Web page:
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This is Not How You Handle Kyle Blanks

We can all agree on two things regarding Padres outfielder Kyle Blanks:

1.) He’s an important cog in the future machine for San Diego, and a potential middle-of-the-order bat, and
2.) He’s off to a bad start, especially regarding strikeouts.

Given Blanks’ potential (he was ranked San Diego’s best prospect entering last year, and hit .250/.355/.514 with the big club last year) and issues (.180 AVG, 46.1% strikeout rate, .682 OPS), there are three logical courses of action.

The first thing the Padres could do is simply play Blanks every day for the next month and hope he figures it out.

The second thing they could do is send him down to Triple-A, call up a hot-hitting veteran outfielder (Chris Denorfia or Mike Baxter), and hope 100-200 ABs in Portland help him find his stroke–again, playing every day.

The third thing they could do is keep Blanks in the majors and simply play him against righties.

It might seem odd that I’m suggesting that he only faces righties. Yes, I know he bats righthanded. But let’s look at some numbers.

In 2009, Blanks hit just .220/.304/.366 against lefties and bashed righties at a .262/.373/.570 clip. He’s reversed that in 2010 (.235/.480/.647 vs. LHP and .167/.259/.306 vs. RHP).

Those are both pretty small samples, though, but the 2009 data at least suggests Blanks is as good against RHPs as LHPs, if not better.

One sample that isn’t small is Blanks’ minor league data, and that points toward a reverse platoon split as well (.869 OPS vs. LHP, .914 OPS vs. RHP).

The final blow to the idea that Blanks has a traditional platoon split comes from the 2009 Baseball America Prospect Handbook, which, as I mentioned, ranked Blanks as the top prospect in San Diego’s system. It had this to say about Blanks’ platoon split:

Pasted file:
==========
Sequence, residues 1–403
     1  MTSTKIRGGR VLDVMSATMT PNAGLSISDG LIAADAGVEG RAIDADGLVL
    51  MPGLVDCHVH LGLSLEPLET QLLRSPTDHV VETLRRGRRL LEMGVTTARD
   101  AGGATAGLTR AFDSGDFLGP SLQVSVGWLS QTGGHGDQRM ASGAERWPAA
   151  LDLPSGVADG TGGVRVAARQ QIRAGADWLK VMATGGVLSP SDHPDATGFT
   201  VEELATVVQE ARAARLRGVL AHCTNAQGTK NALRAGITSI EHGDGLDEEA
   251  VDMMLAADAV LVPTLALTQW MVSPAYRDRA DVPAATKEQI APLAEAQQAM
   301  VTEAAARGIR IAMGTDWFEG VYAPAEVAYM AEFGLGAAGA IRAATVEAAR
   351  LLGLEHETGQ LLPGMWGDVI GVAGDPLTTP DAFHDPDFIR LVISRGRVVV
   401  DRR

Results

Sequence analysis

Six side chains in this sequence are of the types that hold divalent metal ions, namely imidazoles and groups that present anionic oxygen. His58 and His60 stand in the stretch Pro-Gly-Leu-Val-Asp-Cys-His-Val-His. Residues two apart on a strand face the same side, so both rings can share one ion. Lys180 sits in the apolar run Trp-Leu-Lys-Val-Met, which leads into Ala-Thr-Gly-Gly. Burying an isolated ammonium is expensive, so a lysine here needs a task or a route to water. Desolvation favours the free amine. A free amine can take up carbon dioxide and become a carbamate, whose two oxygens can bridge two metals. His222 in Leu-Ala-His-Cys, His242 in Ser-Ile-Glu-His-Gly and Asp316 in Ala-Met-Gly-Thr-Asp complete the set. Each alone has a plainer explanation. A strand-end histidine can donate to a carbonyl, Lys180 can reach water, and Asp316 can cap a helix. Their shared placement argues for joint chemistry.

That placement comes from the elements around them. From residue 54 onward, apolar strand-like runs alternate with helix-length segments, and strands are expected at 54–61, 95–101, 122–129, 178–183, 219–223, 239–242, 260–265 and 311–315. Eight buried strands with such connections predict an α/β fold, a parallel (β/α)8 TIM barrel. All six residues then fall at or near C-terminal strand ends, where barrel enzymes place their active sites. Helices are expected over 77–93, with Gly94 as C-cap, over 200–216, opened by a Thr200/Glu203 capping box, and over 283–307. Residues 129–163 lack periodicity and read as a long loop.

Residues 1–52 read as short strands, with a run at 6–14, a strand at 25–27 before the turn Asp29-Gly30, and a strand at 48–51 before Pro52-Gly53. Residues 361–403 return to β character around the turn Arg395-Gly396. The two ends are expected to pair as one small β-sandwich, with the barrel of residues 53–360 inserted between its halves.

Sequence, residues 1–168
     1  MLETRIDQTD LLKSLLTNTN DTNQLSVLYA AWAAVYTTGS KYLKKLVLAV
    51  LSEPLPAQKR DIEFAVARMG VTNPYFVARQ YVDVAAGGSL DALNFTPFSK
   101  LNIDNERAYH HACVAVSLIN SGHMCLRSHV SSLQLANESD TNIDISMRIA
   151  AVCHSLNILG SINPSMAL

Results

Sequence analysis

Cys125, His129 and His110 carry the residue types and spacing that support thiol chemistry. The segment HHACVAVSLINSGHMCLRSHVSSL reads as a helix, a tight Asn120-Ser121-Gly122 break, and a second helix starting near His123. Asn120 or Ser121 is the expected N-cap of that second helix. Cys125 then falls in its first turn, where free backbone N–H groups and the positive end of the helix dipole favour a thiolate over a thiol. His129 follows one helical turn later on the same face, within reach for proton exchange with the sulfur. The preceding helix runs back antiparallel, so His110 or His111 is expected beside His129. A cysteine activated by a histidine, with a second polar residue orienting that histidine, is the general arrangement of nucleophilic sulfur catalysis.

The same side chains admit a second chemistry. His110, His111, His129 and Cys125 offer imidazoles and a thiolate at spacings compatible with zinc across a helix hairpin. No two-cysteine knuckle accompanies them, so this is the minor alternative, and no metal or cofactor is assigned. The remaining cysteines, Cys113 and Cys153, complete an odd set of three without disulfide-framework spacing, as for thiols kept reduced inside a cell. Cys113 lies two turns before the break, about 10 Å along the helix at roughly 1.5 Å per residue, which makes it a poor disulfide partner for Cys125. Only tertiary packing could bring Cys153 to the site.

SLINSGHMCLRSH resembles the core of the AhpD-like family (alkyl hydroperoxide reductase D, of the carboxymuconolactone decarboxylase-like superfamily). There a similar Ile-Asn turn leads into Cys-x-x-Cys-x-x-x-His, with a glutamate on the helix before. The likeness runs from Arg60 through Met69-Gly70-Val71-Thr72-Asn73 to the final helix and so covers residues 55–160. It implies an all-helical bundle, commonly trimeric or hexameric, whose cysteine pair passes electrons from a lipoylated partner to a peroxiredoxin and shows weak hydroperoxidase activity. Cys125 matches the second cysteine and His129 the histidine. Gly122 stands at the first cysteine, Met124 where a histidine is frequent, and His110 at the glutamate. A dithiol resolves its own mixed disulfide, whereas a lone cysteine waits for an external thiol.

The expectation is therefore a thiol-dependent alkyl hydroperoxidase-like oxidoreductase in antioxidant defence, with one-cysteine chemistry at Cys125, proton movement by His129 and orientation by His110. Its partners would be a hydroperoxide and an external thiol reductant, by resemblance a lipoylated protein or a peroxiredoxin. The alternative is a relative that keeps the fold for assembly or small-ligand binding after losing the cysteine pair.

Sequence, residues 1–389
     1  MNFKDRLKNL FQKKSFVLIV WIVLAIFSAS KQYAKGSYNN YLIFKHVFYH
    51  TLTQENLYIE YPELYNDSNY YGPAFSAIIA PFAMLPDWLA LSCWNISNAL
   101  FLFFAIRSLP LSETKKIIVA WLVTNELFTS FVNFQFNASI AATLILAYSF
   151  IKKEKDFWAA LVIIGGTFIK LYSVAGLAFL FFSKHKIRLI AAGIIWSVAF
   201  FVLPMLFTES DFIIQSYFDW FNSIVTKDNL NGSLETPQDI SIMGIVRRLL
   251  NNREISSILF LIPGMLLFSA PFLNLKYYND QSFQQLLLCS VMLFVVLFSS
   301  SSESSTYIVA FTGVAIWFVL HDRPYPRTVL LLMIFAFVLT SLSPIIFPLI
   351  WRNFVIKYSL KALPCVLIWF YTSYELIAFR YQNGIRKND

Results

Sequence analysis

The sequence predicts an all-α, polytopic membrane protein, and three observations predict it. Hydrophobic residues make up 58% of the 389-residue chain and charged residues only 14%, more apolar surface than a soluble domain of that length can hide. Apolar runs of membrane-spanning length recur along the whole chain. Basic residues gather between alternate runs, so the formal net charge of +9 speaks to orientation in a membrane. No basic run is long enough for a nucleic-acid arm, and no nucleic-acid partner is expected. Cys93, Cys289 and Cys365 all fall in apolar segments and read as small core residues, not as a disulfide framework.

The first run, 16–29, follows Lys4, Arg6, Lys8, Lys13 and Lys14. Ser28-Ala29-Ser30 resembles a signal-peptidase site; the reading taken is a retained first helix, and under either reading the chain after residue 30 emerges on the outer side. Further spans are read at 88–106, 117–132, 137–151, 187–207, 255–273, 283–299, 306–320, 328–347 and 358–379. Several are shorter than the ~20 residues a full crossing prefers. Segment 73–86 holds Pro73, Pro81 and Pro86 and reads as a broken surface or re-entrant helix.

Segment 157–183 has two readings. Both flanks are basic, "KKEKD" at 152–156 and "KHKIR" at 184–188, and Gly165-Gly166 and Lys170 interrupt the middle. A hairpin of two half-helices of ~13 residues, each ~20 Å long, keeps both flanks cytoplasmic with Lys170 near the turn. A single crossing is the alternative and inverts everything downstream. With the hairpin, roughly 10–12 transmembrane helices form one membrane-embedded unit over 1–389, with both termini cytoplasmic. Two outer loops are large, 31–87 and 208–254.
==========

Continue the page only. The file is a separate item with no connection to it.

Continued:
“[Blanks] hasn’t shown much power against lefthanders the last two seasons, as he has struggled to stay back on their backdoor breaking balls. He’s much more comfortable facing righthanders, even sidearmers and submariners, because they tend to work him hard inside and just react.”

The other nice thing about starting Blanks exclusively against RHPs is that there are more righties than lefties, so you still at least get him semi-regular at-bats while allowing him to work out of his slump by facing pitchers he’s most comfortable against.

As a third plus, it puts Scott Hairston (career .860 OPS vs. LHPs, .716 OPS vs. RHPs) back in a role where he faces the pitchers he does the most damage to.

And yet, here we are. The Padres started Blanks against Barry Zito yesterday. He struck out twice against Zito, which were the only two strikeouts the lefty had all night. Blanks then walked three times against San Francisco’s bullpen.

And then the Padres benched Blanks today against righty Matt Cain.

It’s one thing to not look at advanced stats to make your decisions, but platoon splits and a four-paragraph scouting report are far from advanced stats, and even they say that if Blanks is to be platooned, it should be him facing the righties and not the lefties. Restricting Blanks to duty against lefties also kills his playing time, which means he’s less likely to get in a groove and work out of this slump quickly.

Come on, guys. You know better than this. Pick one of the three decent options, not the one possible bad one.

Tags: Kyle Blanks San Diego Padres

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